GALVESTON — Violet Schuebert was a little nervous. After all, testifying in front of a committee of state representative isn’t exactly the most relaxing position to be in.
Even less so when you’re only 10 years old and proposing that a certain shelled reptile be adopted as an official state symbol.
Despite her nerves, the Oppe Elementary School fourth-grader gathered herself and delivered her pitch to make the Kemp’s ridley sea turtle the state’s official sea turtle to the House’s Committee on Culture, Recreation and Tourism during a hearing in late March.
Today, that bill is one step closer to becoming a law. The House voted Thursday, passing state Rep. Craig Eiland’s House Resolution 31 and sending it on to the state Senate. If the bill makes it through the upper house, it could be signed into law by Gov. Rick Perry later this year.
“It feels really exciting, and I was pretty proud,” Violet said about the bill’s passage though the house. “I really think that it will go all the way through.”
The bill is the brainchild of Violet and 23 other fourth-graders at Oppe Elementary School. The after-school group, known as the Green Team, participates in various environmental projects such as beach cleanups and recycling drives. This year, however, the group decided to take up lobbying as well — arming themselves with a variety of talking points about the symbolic worthiness of the sea turtle.
The sea turtles, once on the brink of extinction, have made a resurgence in the Gulf of Mexico during the past 30-plus years but are still in need of protection and attention, the students said.
What’s more, state institutions including Texas A&M University and the University of Texas, have played roles in preserving the species, and the turtles themselves show a resiliency that make it a deserving of symbol of Texas grit.
Plus, come on, this is hardly the most frivolous piece of paper that will go by a politico’s desk this year.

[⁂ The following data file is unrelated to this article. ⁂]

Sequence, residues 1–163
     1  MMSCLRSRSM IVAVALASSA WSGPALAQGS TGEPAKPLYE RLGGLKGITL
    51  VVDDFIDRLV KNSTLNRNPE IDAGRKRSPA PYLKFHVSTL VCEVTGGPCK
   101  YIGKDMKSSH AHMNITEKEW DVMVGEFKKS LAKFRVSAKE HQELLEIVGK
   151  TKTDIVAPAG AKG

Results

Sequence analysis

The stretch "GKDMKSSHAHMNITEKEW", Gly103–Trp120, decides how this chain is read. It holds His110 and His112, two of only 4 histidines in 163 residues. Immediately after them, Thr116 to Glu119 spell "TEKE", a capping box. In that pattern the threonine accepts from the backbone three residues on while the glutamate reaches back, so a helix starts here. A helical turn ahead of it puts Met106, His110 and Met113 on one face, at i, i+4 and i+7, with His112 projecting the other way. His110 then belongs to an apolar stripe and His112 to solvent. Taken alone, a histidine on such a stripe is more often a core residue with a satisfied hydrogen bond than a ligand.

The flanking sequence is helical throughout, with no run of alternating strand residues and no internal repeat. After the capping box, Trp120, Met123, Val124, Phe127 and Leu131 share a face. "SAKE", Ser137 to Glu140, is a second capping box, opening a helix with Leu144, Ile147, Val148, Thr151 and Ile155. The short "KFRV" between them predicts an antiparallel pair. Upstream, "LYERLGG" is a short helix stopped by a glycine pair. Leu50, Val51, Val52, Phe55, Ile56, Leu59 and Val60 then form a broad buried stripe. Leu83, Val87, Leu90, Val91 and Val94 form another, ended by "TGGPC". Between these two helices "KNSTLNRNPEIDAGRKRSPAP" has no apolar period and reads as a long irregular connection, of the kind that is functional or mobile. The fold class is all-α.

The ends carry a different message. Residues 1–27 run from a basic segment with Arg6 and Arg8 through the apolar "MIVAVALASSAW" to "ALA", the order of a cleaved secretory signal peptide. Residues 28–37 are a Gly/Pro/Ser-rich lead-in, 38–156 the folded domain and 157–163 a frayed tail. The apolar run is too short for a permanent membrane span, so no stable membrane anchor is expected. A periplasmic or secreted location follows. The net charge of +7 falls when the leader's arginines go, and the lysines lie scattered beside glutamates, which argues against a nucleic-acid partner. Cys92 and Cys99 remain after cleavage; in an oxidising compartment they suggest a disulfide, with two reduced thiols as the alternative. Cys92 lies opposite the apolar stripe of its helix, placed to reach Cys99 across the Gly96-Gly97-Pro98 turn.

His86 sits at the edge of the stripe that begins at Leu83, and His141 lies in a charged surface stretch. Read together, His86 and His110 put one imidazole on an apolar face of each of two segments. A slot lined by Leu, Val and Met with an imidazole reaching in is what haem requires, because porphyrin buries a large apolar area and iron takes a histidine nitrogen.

“I mean, they passed a pie bill, so they have to pass this one,” 10-year-old Gia Viggiano said.
Under the guidance Oppe science teacher Kathyrn Blaser, the Green Team researched the sea turtles — which every year lay eggs along the shores of the Gulf of Mexico — and decided the turtle should join the longhorn, armadillo and Texas horned lizard (“horny toad” to generations of Texas children) on the list of official state animals.
Eiland, D-Galveston, visited the students at the school and taught them about the legislative process, including how to write and submit a bill to the legislature. In return, the students took a field trip to Austin to testify in front of the tourism committee and lobby lawmakers.
Blaser, who founded the club and runs it through donations and volunteers, said she was impressed by her students’ enthusiasm for the project and also by the dedication of their parents.
“These parents have so much faith in this,” Blaser said. “All of their parents took off work and drove them to Austin. It’s kind of a community effort.”
In the meantime, the class will be keeping a close eye on its bill.
Eiland said the bill didn’t receive any objections in the House, and in talking to his local counterpart in the Senate, Larry Taylor, R-Friendswood, didn’t anticipate there being any threats to the bill’s passage.
“I have confidence that it should get through,” Eiland said, adding that if did reach the governor’s desk, he hoped Perry would visit the island to perform a ceremonial bill signing.